The problem with districts

A San Francisco Chronicle article today applauds the “lively urban village” feel of a Jewish-themed mixed-use development in that city. But urban design writer John King says the Taube Koret Campus for Jewish Life is also “the latest local example of how when swaths of a city are rebuilt, the outer edge is the toughest part of the job”.

It’s a problem all too apparent in Dallas, where I live. This weekend the city trumpeted the opening of the AT&T Performing Arts Center, a vast leap forward in creating the city’s arts district. There’s little doubt that with this addition, including an opera house by Norman Foster and theater by Rem Koolhaas and Joshua Prince-Ramus, Dallas now boasts a district of impressive architectural quality. But what about the edges? So far there is little to draw downtown pedestrians (what few there are) into the arts district – and even less to draw them out.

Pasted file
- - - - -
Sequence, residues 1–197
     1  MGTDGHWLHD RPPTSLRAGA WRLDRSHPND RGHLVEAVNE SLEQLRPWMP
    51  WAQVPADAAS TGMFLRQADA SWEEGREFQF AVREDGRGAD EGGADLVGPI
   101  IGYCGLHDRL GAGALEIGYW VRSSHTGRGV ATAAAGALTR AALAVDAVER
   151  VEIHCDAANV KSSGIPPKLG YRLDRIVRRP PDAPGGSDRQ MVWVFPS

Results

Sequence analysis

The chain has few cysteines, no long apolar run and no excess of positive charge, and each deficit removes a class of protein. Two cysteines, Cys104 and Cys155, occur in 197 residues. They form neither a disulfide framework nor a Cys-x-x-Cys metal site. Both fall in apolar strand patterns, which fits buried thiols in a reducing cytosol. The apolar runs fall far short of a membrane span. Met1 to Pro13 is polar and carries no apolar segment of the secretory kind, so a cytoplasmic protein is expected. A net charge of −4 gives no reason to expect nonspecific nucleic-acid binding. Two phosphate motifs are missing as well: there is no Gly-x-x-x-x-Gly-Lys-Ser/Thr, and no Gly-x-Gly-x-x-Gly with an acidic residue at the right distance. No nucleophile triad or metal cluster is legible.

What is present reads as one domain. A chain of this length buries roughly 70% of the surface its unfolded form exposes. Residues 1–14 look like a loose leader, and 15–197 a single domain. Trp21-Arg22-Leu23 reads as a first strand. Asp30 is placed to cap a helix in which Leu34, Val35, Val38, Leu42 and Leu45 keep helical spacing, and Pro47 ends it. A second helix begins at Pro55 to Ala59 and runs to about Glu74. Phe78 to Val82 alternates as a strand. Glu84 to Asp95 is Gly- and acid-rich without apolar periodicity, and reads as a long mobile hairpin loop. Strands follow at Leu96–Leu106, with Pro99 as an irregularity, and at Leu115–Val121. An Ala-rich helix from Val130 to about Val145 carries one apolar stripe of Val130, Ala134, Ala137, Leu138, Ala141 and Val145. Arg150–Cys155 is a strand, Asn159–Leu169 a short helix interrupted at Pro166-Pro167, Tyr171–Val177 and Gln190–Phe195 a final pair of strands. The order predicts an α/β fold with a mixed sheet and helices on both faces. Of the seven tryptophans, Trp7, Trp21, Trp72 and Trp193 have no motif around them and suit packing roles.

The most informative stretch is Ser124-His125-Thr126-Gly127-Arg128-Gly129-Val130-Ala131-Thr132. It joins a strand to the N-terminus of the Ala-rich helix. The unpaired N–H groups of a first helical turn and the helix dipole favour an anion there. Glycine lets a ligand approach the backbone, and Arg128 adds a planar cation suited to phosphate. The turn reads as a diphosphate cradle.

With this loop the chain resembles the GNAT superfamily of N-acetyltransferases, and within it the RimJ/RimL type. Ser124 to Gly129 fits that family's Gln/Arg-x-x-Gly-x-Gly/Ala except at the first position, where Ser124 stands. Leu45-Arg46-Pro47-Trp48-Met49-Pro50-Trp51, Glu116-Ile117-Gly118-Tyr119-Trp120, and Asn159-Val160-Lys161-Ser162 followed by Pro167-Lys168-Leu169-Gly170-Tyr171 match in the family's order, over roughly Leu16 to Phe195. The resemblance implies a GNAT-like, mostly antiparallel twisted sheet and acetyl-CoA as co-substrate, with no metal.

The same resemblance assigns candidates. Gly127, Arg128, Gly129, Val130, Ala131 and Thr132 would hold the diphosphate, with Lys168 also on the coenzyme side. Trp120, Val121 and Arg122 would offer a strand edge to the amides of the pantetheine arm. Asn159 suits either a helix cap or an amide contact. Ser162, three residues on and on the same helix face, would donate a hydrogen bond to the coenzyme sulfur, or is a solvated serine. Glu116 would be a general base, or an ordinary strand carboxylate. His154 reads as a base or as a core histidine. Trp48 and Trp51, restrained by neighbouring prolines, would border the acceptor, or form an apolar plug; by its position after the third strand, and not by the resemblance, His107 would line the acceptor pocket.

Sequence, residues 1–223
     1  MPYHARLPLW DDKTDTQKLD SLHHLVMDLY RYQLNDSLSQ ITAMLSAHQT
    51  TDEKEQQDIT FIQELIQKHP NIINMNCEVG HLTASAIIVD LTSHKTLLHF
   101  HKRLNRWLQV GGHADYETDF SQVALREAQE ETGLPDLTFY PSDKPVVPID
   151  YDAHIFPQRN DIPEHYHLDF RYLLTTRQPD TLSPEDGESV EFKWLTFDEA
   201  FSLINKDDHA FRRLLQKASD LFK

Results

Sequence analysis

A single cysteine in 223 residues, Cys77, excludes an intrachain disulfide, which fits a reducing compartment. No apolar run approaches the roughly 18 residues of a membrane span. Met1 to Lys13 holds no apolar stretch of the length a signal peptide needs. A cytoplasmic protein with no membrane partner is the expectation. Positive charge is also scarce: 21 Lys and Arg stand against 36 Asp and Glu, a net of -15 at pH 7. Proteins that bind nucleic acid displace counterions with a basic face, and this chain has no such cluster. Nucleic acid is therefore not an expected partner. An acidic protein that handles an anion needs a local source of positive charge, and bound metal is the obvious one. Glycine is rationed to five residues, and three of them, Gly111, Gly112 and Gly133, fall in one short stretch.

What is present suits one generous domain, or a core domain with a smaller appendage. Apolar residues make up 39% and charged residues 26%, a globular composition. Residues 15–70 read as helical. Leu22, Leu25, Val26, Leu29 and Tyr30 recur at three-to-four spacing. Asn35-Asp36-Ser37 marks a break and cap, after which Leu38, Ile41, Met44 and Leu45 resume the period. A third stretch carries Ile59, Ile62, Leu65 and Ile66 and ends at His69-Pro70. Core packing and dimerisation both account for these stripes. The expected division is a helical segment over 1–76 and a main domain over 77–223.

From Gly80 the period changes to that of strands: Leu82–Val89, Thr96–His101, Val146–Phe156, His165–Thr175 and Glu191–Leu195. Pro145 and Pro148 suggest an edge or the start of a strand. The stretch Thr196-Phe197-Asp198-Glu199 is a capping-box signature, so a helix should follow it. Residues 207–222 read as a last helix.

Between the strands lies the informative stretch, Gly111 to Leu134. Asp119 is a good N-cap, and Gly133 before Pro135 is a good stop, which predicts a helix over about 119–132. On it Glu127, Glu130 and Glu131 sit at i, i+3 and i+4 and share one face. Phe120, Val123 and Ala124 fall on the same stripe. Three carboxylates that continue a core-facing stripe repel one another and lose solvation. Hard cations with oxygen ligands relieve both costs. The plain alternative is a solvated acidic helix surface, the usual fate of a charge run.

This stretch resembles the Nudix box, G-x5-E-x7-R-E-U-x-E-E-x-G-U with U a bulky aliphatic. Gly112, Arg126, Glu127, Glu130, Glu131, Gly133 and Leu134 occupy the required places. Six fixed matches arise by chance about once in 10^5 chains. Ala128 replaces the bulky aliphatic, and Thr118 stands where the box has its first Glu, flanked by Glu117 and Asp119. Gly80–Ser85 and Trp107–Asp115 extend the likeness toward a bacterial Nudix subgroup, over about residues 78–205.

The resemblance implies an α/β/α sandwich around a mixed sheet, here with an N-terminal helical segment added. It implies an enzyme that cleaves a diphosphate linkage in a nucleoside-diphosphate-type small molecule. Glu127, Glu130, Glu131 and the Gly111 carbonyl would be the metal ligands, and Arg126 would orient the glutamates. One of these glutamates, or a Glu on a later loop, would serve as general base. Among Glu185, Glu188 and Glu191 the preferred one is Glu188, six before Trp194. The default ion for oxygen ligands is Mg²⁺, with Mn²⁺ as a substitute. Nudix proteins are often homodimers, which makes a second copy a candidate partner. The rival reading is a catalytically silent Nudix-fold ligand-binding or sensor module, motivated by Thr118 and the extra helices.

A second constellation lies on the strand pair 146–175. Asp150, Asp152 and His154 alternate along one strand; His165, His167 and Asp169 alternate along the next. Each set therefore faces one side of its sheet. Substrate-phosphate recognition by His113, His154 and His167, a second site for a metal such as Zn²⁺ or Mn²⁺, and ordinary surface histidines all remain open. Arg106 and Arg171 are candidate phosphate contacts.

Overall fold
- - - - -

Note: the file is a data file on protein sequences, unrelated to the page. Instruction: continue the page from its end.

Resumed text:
The best thing about the San Francisco campus is its mix of uses, King writes. The development converted a 100-foot tower surrounded by parking lots – the former Sun Microsystems headquarters – into a dozen or so buildings accommodating senior housing, a preschool and a community center.

“The problems lie where the new meets the old,” King writes. “Infill is a smart way to grow as our cities mature. The challenge for architects and planners is to make it neighborly as well.”

What are the prospects, then, for dedicated districts in urban infill areas? If the district has a dedicated purpose such as culture, it may be more difficult for its forms and uses to bleed into and mingle with surrounding neighborhoods. Dallas arts district plans do call for a mix of uses including housing. When the recovery comes, it will be interesting to see how this “blend and bleed” is achieved.


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